Outside of the time concerns, there are other dangers associated with TikTok. Similar to other social media, it’s easy to compare your life to the fake perfection captured in these little videos. By using filters and trendy audio, an enviable life can be curated that can induce insecurity and depression in users.

One such trend is the productivity-based “Day in the Life.” These videos can make viewers feel poorly about their own daily routines while withholding how unrealistic they are. One tip is to get up as early as 5 or 6 a.m., which not everyone can or should do. In an article by Rachel Patel, she discusses why this is an issue, especially when considering the body’s natural clock, or one’s circadian rhythm. Circadian rhythms are something that differ from person to person: “If these girls are waking up at 5 or 6 a.m. and that’s their natural circadian rhythm, then I would say it’s OK. But if that’s not, and they are disrespecting that, then that can be quite detrimental to their health.”

This fact is something that isn’t recognizable to viewers; they may call themselves lazy if they’re unable to get up that early when really, it’s part of their body’s physical makeup. It’s also crucial to remember that these videos don’t capture a person’s day in its entirety; there is a lot left uncaptured.

Another trend that populated my feed was “What I Eat in a Day.” These videos were either done for fun or were filmed as recovery from eating disorders, and they blew up my timeline. No matter what the creator’s purpose was, I still found the videos unsettling as someone who struggles with body image. Seeing tons of these videos was exhausting; it constantly made me question the portions that I was eating and whether they were “healthy” or “ideal.” Some of these videos and diet suggestions bordered on the dangerously unhealthy. While I am fortunate enough to not have an eating disorder, I was still negatively impacted and cannot fathom how it would feel to view these videos as someone who is either in recovery or struggling with an eating disorder.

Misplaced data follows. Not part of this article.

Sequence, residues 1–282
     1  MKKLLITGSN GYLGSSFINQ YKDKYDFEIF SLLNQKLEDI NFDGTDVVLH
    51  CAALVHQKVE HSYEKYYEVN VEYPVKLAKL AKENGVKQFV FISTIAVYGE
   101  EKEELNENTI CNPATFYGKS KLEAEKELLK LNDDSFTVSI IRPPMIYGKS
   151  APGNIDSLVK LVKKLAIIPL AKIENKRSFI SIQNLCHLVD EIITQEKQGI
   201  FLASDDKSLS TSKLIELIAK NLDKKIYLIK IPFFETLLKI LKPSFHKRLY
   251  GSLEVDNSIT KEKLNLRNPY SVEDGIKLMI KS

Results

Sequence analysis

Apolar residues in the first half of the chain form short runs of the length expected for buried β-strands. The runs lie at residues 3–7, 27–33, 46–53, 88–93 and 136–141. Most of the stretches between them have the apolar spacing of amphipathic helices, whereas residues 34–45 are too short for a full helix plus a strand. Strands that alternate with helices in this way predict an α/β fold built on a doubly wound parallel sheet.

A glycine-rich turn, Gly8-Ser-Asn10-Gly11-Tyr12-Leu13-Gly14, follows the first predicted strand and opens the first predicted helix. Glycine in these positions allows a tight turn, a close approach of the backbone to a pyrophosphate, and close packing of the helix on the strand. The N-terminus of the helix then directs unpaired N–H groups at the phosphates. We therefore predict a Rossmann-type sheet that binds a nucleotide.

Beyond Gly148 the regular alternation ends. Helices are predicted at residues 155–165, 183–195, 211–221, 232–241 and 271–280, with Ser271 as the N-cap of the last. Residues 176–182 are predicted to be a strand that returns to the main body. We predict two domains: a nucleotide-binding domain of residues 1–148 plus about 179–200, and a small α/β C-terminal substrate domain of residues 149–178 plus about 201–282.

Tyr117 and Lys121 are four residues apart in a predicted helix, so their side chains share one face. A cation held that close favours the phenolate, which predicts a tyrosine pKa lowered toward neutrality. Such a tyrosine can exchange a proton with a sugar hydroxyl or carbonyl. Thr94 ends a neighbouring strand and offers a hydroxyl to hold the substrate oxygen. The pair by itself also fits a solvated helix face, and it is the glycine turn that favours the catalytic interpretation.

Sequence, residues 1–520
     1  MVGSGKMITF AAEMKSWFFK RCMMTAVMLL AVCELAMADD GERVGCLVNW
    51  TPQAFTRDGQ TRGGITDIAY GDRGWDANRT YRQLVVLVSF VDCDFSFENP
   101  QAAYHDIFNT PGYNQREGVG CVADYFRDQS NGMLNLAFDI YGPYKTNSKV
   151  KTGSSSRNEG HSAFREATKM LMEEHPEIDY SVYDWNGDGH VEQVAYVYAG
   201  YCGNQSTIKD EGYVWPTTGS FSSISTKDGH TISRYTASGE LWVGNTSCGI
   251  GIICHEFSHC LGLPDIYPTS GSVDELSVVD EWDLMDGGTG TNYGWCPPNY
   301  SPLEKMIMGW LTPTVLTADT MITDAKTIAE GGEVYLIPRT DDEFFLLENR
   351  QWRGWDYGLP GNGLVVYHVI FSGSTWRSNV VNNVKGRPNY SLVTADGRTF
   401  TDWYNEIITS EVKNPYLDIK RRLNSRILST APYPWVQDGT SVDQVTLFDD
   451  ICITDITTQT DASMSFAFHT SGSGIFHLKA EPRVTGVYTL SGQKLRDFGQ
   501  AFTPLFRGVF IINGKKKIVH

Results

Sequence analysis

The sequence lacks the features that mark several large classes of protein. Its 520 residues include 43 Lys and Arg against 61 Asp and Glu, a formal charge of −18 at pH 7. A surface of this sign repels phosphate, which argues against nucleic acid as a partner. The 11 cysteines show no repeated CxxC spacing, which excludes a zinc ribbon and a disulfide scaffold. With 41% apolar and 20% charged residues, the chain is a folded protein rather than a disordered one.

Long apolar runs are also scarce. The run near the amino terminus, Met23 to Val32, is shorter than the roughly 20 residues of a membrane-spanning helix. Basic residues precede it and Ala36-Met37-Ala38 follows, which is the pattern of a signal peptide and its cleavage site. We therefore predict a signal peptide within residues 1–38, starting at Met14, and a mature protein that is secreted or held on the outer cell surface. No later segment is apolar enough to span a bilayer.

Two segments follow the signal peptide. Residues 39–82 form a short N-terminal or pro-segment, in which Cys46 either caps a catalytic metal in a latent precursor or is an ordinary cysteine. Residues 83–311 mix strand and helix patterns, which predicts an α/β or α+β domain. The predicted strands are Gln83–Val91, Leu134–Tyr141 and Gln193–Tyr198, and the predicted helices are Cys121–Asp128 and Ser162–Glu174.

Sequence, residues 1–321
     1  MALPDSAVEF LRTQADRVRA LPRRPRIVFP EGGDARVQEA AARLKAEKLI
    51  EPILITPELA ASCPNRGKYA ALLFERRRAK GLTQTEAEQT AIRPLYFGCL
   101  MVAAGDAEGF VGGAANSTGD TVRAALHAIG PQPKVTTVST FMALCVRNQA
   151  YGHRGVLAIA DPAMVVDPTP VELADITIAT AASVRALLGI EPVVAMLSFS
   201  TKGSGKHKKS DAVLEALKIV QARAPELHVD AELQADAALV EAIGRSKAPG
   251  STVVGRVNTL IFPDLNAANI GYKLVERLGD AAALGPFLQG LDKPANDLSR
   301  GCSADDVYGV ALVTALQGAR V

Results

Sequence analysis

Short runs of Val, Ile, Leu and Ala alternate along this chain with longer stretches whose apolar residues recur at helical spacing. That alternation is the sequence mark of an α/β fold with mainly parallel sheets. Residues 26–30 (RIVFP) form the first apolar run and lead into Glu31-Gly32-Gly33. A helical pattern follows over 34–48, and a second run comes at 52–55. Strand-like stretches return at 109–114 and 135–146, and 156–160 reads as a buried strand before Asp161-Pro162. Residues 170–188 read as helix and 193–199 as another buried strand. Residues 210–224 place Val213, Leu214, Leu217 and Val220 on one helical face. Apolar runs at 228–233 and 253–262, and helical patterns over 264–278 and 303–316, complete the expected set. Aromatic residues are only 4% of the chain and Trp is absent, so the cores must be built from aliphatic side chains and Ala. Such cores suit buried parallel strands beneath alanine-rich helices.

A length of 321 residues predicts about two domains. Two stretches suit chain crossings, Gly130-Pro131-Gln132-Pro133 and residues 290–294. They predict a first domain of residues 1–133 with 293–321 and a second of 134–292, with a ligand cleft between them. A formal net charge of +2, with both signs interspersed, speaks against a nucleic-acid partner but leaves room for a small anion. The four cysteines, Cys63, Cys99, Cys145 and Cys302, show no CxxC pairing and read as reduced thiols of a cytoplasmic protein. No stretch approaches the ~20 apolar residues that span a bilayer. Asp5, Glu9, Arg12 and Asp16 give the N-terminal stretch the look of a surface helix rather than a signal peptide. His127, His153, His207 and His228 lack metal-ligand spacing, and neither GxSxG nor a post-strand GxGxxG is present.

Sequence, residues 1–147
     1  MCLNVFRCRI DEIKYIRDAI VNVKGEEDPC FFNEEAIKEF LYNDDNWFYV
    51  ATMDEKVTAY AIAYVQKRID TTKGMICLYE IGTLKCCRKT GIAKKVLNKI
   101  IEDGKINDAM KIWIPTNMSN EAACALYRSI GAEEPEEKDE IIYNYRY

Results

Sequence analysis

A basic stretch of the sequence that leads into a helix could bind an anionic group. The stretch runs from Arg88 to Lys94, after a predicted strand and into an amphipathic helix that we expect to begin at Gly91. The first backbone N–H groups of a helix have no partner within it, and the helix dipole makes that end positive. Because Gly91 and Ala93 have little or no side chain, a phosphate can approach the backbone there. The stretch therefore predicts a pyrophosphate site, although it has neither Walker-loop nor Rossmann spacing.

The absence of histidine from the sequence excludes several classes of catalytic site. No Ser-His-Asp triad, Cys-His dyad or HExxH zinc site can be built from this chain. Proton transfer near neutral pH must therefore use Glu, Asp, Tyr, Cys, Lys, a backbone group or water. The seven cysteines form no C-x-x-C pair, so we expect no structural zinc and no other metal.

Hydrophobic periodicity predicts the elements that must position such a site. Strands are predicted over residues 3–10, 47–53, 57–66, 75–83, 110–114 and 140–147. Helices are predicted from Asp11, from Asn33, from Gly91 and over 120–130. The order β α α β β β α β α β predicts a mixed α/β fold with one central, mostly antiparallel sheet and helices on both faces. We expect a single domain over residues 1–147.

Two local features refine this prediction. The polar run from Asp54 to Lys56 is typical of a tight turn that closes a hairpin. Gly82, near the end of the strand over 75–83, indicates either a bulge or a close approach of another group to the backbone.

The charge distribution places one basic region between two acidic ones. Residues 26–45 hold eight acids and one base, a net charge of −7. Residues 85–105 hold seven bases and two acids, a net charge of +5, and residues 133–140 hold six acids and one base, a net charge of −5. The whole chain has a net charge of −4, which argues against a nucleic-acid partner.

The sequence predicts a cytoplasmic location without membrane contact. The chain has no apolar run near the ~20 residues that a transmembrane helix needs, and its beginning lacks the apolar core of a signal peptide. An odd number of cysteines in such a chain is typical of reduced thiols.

For me, TikTok was not only a time sucker; it delayed my memory and stymied my mental productivity, and also helped breed a lack of self-esteem. Taking a break from the app made me contemplate and realize how dangerous it was, even if I was in love with the content it shared. Since then, I’ve reconnected with some of my previous hobbies that were abandoned when I got TikTok as well as the ones I meant to do from TikTok but never did. I try to cook new recipes every week, when money allows, and created a Spotify playlist for the song audios I fell in love with. The time I spend on my phone has decreased by a few hours, leaving more room to make memories outside of my phone.

While it might not be possible for everyone, I invite everyone thinking of deleting TikTok to give it a try. Simply try being off it for one week, or one day, or whatever timeline seems fit, and see what it does for you. Though it feels pretty hard at first, soon the temptation leaves, and you will find yourself feeling amazing. It’s worth a try — I did, and it’s made all the difference.

Writer Profile

Aly Walters

Michigan State University
English With a Creative Writing Concentration

I am a senior at Michigan State University who also works at MSU’s Writing Center. In my free time, I love working on my latest writing projects!